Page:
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No sign of resolution in West Ham’s dispute with landlords

PUBLISHED: 16:30 06 September 2018

West Ham United remain in a dispute with landlords E20 about certain issues with the London Stadium (pic: Nigel French/PA)

West Ham United remain in a dispute with landlords E20 about certain issues with the London Stadium (pic: Nigel French/PA)

PA Wire/PA Images

West Ham and E20 remain in dispute over design of new pitch-surround to cover running track and removal of honours board

West Ham United’s rental agreement to use the London Stadium has been described as “the elephant in the room” behind the venue’s cash problems.

The claim, made by London Legacy Development Corporation chief executive Lyn Garner, came on same the day West Ham reiterated a threat of legal action against their landlords.

The club remain in dispute with E20, the company set up to run the former Olympic Stadium, over the design of a new pitch-surround to cover the running track and an honours board which has been taken down and not replaced.

E20 responded to West Ham’s complaint about the honours board by claiming there are unpaid bills which need to be settled.

The club deny that is the case and, in a statement given to Press Association Sport on Thursday, said: “West Ham are disappointed that a public body should try to mislead taxpayers. There are no unpaid bills.

“E20 have, on a number of occasions, sought payments from West Ham United that are not part of our tenancy agreement.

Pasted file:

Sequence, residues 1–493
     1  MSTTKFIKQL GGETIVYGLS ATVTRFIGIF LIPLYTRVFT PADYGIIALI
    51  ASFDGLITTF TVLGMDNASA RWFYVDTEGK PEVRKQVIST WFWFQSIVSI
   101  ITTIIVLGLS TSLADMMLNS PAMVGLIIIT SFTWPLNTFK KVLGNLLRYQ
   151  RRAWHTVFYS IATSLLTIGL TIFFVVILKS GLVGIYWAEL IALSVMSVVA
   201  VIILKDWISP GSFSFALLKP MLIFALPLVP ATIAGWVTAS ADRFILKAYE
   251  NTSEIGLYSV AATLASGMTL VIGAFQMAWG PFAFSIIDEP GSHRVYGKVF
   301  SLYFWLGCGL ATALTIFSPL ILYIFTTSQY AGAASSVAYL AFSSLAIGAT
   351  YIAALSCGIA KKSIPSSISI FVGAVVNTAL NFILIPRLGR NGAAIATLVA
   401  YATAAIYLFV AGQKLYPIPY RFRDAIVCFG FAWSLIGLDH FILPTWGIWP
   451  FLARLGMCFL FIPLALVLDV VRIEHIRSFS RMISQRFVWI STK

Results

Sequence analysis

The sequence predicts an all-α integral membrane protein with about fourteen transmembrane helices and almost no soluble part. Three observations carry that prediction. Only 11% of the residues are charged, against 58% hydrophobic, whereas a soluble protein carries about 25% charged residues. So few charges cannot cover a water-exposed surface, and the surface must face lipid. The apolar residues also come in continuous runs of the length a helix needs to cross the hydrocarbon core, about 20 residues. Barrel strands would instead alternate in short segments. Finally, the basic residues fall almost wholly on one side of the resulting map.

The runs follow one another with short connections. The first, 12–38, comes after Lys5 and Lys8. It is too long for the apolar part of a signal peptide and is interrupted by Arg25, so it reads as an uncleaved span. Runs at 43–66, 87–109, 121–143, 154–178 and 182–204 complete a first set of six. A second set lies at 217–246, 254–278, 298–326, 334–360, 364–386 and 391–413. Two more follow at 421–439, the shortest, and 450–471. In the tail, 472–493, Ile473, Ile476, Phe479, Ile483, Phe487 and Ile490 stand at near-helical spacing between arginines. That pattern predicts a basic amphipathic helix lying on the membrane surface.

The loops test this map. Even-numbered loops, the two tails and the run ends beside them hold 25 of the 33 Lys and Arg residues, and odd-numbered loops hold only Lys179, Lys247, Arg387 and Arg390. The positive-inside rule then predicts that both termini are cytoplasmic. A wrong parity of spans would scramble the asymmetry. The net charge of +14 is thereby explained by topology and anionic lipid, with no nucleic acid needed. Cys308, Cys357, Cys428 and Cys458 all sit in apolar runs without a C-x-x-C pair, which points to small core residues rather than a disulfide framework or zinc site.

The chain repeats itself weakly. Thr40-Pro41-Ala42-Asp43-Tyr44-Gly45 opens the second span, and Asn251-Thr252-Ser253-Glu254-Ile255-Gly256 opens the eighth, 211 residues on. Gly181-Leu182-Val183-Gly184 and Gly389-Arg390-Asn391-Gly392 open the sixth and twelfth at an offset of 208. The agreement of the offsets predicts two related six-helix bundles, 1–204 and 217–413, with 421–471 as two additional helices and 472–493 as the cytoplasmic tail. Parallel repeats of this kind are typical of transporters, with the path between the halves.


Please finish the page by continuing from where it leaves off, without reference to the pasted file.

“We have taken successful legal action against E20 on a number of similar disputes and will do so again if necessary.”

Meanwhile, Garner, addressing the London Assembly, revealed West Ham’s rent does not even cover the cost of staging a match.

West Ham secured the stadium for a rental fee of £2.5million a year in 2013 and moved in at the start of the 2016/17 season.

E20 recorded operating losses of around £22million for the last financial year and faces the possibility of being dissolved.

Garner, who became chief executive of the LLDC in February, said: “What is really driving the problems here are the low rents paid by the concessionaires, particularly West Ham.

“I’ve got to say the elephant in the room is the fee that they pay us in the usage cost does not cover the event-day costs and that’s before we go anywhere near a commercial advantage.

“It simply does not cover the costs of running the events on a day-to-day basis.”

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